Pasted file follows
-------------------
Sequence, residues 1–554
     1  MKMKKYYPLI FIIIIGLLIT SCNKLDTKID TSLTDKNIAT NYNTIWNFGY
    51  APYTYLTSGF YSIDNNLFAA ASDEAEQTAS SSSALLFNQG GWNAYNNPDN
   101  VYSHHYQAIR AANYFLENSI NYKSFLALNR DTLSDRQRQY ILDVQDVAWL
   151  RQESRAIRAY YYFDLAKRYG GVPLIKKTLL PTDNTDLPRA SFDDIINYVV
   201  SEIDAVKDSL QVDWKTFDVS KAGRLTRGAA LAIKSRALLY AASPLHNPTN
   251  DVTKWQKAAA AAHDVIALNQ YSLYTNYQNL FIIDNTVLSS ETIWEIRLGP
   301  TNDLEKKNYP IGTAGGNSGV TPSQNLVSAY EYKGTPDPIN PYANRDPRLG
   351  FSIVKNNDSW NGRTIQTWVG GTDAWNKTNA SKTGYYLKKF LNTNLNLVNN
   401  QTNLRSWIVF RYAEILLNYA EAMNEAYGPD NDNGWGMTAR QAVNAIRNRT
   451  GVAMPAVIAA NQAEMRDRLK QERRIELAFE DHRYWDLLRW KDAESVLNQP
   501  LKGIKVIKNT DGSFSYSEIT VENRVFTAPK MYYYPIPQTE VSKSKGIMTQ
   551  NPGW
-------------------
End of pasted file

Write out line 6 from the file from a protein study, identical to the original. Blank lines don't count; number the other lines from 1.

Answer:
   201  SEIDAVKDSL QVDWKTFDVS KAGRLTRGAA LAIKSRALLY AASPLHNPTN